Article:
Here’s the thing, friends. Some people think of Ed Miliband as an ivory-tower intellectual, stuck up there in Dartmouth Park; nice guy, but lacking the common touch. Surrounded by wonks. Not a man of the people.
This is rubbish. Which is just the word used about politics by Xiomara, whom he met in a pub “near where I live” (because Ed does go down the pub, you know,), who’s worked her way up to being a chef but still can’t afford to go to college. And Xiomara is not alone. Because everywhere he goes he seems to bump into a regular punter who obligingly says something that will help with his conference speech.
Let’s talk about Gareth, for example (which the Labour leader did a lot today). Gareth, “high up at a software company”, who has a five-year-old daughter whose future he worries about and who “can’t afford to buy a home… for his family” and ”thinks that unless you’re one of the privileged few in Britain, the country is not going to work for you…” Which is why, as Ed put it (this was a strictly first names only speech, after all), Labour’s new 10-year plan was nothing short of a “route map for Gareth.”
And there were two women who were delighted to meet someone famous (him) but confessed that they’d have been happier if it was Benedict Cumberbatch. One of them said “something which really stuck with me. She said: ‘My generation is falling into a black hole…’ Now she was speaking for millions of people… who have lost faith in the future.”
It was a break that someone crazed to meet Benedict Cumberbatch would come up with a perfectly honed soundbite like that. And Ed didn’t name her. We journalists understand that. She probably said: “Look, strictly off the record Ed, but my generation is falling into a black hole. I think you’ll find I’m speaking for millions.”
But he did name “an amazing man called Colin in his 80s” who he met in a Watford hospital and “sadly died a few weeks later”. Colin had been alive before Labour’s formation of the NHS “and I remember him saying to me: ‘Ed, the problem then was you were on your own.’”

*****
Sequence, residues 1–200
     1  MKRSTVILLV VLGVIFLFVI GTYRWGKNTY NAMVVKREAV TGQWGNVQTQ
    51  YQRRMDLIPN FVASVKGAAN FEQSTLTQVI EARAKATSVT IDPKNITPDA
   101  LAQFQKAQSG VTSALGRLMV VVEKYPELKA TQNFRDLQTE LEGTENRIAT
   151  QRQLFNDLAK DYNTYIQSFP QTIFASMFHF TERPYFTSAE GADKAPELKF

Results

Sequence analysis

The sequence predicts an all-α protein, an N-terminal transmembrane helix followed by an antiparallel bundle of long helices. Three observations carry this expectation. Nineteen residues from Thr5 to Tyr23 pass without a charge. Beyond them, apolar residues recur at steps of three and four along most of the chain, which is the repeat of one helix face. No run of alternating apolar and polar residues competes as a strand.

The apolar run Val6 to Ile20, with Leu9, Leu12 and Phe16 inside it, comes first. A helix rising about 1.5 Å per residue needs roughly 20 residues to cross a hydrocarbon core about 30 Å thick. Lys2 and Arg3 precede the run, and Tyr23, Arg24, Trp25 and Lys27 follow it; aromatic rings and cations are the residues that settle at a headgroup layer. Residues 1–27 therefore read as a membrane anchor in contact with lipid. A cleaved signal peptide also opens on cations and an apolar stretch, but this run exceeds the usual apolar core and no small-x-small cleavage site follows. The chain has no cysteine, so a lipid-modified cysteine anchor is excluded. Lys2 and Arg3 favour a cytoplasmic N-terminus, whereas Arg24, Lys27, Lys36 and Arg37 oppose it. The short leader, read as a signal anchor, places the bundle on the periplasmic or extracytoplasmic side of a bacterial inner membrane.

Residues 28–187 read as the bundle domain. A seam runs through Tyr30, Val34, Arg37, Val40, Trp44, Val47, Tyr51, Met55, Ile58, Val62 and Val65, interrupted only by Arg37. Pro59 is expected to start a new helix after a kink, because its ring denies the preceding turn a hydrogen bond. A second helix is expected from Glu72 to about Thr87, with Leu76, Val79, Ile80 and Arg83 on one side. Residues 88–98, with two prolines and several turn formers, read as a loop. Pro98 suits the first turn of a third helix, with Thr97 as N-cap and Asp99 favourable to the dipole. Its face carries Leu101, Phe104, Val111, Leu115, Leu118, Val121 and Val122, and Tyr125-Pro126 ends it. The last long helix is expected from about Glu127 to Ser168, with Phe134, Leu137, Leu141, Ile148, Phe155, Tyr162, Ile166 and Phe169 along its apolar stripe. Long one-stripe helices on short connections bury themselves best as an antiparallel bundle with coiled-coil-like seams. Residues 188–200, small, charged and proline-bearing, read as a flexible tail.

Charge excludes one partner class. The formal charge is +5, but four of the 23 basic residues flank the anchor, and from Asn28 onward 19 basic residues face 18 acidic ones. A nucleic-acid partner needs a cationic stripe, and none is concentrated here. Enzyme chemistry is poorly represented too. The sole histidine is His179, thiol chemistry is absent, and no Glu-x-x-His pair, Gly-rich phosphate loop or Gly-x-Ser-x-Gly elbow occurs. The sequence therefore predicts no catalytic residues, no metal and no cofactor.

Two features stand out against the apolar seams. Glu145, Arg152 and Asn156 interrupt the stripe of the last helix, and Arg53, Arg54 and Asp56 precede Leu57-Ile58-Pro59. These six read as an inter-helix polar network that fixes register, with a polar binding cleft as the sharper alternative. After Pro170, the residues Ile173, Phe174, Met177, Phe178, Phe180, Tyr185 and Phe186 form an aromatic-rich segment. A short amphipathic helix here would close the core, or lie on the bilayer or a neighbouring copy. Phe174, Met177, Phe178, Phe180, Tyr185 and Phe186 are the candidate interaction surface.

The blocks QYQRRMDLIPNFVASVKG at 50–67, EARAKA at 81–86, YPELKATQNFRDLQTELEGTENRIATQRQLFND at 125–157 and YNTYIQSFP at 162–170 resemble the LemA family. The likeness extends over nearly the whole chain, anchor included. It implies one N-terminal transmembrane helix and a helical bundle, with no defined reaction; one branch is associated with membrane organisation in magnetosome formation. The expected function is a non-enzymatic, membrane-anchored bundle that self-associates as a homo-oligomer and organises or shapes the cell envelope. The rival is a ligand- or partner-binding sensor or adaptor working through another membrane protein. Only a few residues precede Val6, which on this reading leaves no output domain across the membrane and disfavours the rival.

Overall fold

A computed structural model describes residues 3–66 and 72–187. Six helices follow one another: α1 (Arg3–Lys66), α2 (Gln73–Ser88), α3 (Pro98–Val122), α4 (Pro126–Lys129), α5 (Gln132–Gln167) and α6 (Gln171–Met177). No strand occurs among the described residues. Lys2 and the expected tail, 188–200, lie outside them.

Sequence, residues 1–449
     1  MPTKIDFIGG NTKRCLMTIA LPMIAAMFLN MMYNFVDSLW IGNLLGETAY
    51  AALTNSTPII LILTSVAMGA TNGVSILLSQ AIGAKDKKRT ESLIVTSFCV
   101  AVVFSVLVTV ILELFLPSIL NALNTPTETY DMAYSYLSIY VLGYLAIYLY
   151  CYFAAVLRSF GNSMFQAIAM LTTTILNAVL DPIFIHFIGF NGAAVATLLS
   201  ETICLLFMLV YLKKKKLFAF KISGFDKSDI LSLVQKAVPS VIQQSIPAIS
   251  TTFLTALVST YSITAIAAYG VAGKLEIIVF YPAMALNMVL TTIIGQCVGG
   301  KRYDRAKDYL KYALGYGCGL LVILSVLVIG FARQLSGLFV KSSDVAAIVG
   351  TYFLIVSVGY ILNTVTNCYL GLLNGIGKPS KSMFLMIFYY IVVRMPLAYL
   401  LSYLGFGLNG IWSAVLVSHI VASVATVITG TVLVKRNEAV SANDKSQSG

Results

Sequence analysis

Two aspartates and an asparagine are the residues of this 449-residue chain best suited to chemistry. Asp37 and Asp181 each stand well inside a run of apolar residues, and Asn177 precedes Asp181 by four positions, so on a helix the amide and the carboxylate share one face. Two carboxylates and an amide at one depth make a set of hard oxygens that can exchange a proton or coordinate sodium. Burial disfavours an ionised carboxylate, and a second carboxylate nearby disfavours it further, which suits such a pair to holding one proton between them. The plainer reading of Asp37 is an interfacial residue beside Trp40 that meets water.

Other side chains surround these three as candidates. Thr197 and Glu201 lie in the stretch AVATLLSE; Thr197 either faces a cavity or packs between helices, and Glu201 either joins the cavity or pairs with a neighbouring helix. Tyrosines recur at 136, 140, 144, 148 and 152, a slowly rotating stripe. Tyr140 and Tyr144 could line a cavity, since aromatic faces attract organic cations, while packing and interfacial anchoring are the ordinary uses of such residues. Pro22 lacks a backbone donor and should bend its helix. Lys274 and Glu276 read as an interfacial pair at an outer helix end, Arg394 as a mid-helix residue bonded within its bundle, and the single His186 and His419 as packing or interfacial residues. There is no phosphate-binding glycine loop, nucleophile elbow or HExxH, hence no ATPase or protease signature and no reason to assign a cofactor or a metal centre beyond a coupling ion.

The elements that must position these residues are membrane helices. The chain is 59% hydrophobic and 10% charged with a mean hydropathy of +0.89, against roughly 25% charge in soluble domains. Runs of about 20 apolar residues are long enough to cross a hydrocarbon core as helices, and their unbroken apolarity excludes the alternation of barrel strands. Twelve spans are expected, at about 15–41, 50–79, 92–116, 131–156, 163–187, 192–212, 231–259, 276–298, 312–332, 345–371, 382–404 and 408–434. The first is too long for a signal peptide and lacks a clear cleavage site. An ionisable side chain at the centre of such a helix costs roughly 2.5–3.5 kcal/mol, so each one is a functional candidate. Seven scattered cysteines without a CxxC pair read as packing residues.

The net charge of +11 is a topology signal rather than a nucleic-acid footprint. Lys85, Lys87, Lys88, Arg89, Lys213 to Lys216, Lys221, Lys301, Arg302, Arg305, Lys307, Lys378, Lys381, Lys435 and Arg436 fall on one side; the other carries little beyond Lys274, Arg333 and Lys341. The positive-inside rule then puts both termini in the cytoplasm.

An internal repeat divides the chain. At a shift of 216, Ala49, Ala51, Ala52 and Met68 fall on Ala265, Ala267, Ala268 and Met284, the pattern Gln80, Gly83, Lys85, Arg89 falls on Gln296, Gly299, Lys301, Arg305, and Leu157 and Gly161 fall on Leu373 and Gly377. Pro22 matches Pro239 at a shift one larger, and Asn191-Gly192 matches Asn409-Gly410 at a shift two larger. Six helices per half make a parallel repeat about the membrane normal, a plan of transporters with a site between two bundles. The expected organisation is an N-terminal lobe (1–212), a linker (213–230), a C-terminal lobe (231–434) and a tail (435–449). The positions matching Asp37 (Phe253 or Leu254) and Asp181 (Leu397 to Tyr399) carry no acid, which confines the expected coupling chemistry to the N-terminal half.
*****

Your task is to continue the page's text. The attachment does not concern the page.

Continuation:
Which was jolly convenient of Colin because one of Ed’s Big Themes was that Labour stood for “Together” and the Tories stood for “You’re on Your Own.” That’s for the many and not the few, of course. Because “if you are a millionaire who wants a tax cut… you’re not going to be on your own.”
Ed’s borderline TV evangelist style – he used “friends” at least 30 times and his new catchphrase, “Here’s the thing”, six times – may not be to everyone’s taste. And some of his promises – like solving the Israeli-Palestinian conflict, “a very, very, important task of the next Labour government, friends” – seemed a mite ambitious. But the pledge for extra NHS funding, the attack on Cameron – “he said he was a compassionate Conservative before the election and imposed the bedroom tax after the election” – went down a storm. And unlike on Monday, he recalled Gordon Brown’s role in the Scottish referendum campaign.
Likewise when he pointed out how he had stood up to Rupert Murdoch over hacking, the utilities over prices, and the Daily Mail for saying “my dad hated Britain, when I knew he loved Britain.” They stood and cheered. What’s more, Miliband is now a man with a plan. A 10-year plan, friends. “A route map for the country”. A route map for Gareth.Reuse content